Football

'I Think It All Started With Roy Losing His Temper!' - Vieira, Keane And Neville On Highbury Tunnel Incident

'I Think It All Started With Roy Losing His Temper!' - Vieira, Keane And Neville On Highbury Tunnel Incident

Roy Keane and Patrick Vieira shared an infamous rivalry at the heart of the Man United and Arsenal midfields in the mid-2000s, and there is perhaps no more famous incident than that of the Highbury tunnel confrontation of February 2005.

Before a highly-charged top of the table clash in North London, TV cameras picked up referee Graham Poll restraining Keane, who had come barrelling down the tunnel shouting at the Arsenal skipper Vieira.

See you out there!

Keane's threatening line to Vieira became iconic, especially after his side put together a huge performance to win 4-2 at the home of one of their fiercest rivals.

It's always been said that the incident came about because Keane was standing up for his teammate Gary Neville - and ITV's coverage of EURO 2020 threw up a fantastic discussion between the three.

Advertisement

Keane, Vieira, and Neville on the tunnel incident

Keane, Vieira, and Neville were all on punditry duty for Italy's game with Switzerland on Wednesday night and, with all three in the same room for the first time since that game, it was inevitable that questions would be asked. They lifted the lid on what went on in the tunnel before that 2005 game.

Frenchman Vieira was the first to give his two cents, and he jokingly suggested that Keane was the one to kick things off - before admitting that he'd tried to get at Neville.

I think it all started with Roy losing his temper. Before that, the hostility between the two clubs. As an Arsenal player, you always wanted to play against the best and at that time, United were the best team.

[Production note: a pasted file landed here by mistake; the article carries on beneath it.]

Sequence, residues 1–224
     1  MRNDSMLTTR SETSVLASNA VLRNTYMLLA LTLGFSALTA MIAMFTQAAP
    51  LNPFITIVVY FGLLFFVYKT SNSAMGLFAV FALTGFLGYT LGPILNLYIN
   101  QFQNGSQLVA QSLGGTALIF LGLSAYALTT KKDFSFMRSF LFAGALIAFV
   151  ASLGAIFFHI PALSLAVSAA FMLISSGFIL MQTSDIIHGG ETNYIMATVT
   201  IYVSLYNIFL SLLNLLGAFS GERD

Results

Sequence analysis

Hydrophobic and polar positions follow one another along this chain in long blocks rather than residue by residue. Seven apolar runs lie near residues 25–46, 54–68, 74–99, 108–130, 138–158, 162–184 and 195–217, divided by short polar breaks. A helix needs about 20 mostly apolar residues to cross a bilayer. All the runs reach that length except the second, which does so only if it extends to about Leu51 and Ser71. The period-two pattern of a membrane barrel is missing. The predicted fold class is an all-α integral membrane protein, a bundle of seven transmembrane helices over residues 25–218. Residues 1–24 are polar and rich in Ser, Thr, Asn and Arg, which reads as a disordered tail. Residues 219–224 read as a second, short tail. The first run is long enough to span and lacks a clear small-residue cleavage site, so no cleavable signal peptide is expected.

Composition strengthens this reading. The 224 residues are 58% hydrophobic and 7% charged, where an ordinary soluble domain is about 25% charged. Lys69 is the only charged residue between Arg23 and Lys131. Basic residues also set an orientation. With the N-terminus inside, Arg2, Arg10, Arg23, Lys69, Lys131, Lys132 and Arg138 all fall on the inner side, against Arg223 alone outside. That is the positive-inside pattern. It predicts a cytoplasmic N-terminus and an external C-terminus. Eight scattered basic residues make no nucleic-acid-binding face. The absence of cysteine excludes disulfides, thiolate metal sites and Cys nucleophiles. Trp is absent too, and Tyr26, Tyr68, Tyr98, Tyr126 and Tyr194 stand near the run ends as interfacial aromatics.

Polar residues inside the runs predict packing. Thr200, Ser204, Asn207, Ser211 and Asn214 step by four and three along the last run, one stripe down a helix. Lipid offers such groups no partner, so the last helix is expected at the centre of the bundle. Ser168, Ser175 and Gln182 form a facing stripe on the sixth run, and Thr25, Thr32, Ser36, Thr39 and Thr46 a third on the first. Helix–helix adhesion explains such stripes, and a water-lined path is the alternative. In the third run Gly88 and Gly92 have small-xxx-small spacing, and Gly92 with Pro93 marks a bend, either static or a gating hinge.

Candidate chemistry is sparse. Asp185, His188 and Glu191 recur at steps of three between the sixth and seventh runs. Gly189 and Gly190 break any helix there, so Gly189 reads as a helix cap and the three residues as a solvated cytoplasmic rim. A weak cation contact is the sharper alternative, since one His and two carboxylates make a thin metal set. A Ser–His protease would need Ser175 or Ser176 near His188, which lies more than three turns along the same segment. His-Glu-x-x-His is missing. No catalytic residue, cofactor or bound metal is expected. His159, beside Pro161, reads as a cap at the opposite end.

It was challenging, it was tough, it was difficult and obviously Gary here, one of his strengths was intimidating players - that was one of his strengths. That time I was getting really, really frustrated about the number of challenges and the aggressiveness he was giving to our players, our front players. As a captain, as a leader, I wanted to put him under pressure a little bit.

Advertisement

Neville took his turn next, and said that the incident began before they'd even made it to the tunnel.

Before we got in the tunnel to go out for the game, coming in from the warmup, he was chasing me up the tunnel screaming at me!

So I go into the changing room and sat down next to Denis Irwin and said "Vieira's a bit annoyed - he's just basically chased me up the tunnel!" Obviously, I sat next to Denis here, and Roy was next to Denis, so Roy heard that.

When the time came at last for Keane to chime in, he tried to suggest that he tuned out the talk about Vieira in the changing room, but we find that a little bit hard to believe considering how famous their rivalry was.

I was trying to mind my own business. Honestly, I was just focused on the game, quite calm, getting in the zone and Gary was...a little bit upset and he seemed a bit worried.

I think I said to Gary, 'just forget about it, we need to focus on the game.'

And then, of course, Patrick wouldn't let it go - typical Arsenal bully. And then he started again in the tunnel, just before the game started. And that's where I got a little bit irritated.

It's fascinating to hear the insights of all three into the incident, which has gone down as one of the most iconic in Premier League history.

Keane's jab at Vieira, saying "of course he wouldn't let it go" is a favourite moment of ours, and proves that the rivalries between the two - and the two clubs - still runs just as deep as it did on that Highbury night in 2005.

SEE ALSO: Sadlier And Hamann Absolutely Nail Football's Backward Concussion Attitude After Pavard Collision

Marko Arnautovic

Eoin Harrington

You may also like